How to beat roaming charges

Just when we thought mobile service providers were making it easier for travellers to limit roaming charges while overseas, Telstra has announced that it will increase the price of its International Travel Pass. The pass, which is designed to enable travellers to use their own phones and numbers when overseas, includes an agreed amount of data. And while Telstra has backed down on plans to increase charges for exceeding these limits, it’s still wise to manage your data usage.

Here are five steps you can take to limit your usage while travelling overseas.

1. Turn off data roaming
It is always important to make sure that you turn off your data roaming on your phone when travelling outside your network. This enables travellers to avoid roaming charges, as it negates the charges passed on from the local operator to your home network to access the network.

2. Free wifi
Take adavantage of free wifi when you travel, from local cafes to libraries and even many public areas, the list of wifi hotspots is growing rapidly.

There are some great apps right now, which you can use to communicate with people while overseas using wifi hotspots. Instant messaging apps, such as Flexiroam, WeChat and Whatsapp let you send messages, pictures, audio notes and video messages with friends, via wifi. Viber is free and lets you call, text or send pictures using wifi. It should be worth the price of a coffee just to access the wifi.

3. Disable push notifications and auto-synching
Do you really need to know every minute of every day who is saying what on Facebook and Twitter, or that someone has played a blinding score on Words with friends? While notifications are nice to have, they do consume a considerable amount of data, so switch off notifications before you travel.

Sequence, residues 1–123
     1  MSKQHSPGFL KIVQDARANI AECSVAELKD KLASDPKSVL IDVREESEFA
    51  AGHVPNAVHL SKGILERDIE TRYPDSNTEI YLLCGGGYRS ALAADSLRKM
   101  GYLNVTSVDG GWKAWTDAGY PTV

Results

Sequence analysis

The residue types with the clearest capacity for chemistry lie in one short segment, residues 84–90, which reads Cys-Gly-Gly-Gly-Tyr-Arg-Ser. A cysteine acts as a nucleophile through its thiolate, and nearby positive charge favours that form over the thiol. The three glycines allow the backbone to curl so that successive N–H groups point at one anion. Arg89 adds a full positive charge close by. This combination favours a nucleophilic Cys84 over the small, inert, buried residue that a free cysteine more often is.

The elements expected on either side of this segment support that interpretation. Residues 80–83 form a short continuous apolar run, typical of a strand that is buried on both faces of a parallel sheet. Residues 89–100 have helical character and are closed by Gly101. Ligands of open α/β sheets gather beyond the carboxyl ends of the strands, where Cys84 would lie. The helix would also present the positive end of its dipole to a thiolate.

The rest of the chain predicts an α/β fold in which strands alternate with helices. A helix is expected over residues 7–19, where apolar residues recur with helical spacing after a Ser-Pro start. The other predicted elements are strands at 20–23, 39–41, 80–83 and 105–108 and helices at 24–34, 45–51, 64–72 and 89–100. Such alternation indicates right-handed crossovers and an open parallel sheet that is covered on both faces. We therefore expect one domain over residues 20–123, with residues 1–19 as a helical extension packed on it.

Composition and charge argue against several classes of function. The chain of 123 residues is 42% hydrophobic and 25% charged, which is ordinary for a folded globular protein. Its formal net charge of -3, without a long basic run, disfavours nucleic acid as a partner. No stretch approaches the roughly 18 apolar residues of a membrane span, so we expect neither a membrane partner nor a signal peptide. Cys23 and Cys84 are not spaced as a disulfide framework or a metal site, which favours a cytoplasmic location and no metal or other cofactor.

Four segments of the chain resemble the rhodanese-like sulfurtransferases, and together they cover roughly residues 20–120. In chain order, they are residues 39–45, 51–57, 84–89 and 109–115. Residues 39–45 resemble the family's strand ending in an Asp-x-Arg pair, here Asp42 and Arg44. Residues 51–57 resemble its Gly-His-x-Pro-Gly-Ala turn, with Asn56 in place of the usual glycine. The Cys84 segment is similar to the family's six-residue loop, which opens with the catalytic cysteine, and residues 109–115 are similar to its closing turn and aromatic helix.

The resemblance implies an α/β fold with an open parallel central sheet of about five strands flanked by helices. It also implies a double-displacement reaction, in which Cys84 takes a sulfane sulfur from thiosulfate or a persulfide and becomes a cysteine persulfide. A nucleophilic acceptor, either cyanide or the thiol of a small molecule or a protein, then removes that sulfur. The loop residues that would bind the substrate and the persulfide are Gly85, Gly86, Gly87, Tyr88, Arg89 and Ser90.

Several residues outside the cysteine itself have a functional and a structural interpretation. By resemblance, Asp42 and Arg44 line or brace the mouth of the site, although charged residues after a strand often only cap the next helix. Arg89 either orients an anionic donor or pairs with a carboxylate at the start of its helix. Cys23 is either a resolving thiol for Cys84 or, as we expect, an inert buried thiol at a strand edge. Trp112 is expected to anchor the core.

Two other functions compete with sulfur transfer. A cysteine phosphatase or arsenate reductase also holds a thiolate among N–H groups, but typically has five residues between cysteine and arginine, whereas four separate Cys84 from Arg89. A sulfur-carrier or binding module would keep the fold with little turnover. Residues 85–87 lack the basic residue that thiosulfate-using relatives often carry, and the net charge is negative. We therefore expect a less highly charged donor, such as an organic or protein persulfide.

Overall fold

4. Be aware of how much data you’ve used
If you are going to use your data abroad, make sure that you keep track of the amount of data you use. With an iPhone, you can simply go to Settings > General >Cellular Usage and reset your data statistics.

For Android, you can simply go to Settings>Data Usage>Select the date range for your trip.

This will allow you monitor your data usage and you will be notified once you begin going over your data plan’s limit.

Alternatively, you can download a data tracking app such as Onavo that allow users to check data usage and view data consumption of various apps, games and sites. It’s got all the essentials, including the ability to set alerts and time periods to match your billing cycle. And, it’s dead easy to install and run. An interesting feature on Onavo is the Data Usage feature that differentiates between cellular and wifi data use, so you’ll know when you’re paying for cellular or when you’ve got a free connection.

5. Buy a local sim card once you’ve landed

This one is a popular option for most travellers, it’s a cheaper option too but it can also be the most difficult. Purchasing a local sim card means that you will also get a new local phone number. You might need to compare a few mobile networks to find the best option for you. However, adding to the challenge is the language barrier, making it difficult to discuss the different options available with local sim providers. If you decide to buy a prepaid international sim card for travelling abroad, you’ll need to look into getting an unlocked GSM standard phone.

Or, you may wish to download an app, such as Flexiroam, which gives users access to local numbers internationally, enabling them to make calls and access data. Available to download free on the Google Play and Apple App Store, Flexiroam App users are able to purchase dedicated local numbers from up to 55 different countries, giving users an instant global presence for as low as US$1 per month. Flexiroam App features off-net calls, enabling calls from app to landlines and international numbers for as little as US$0.01 a minute.

Interested in this? You may also wish to read the following articles

Travel SOS – No more bill shock

Maps minus roaming charges

Europe ends mobile roaming charges

Written by Debbie McTaggart



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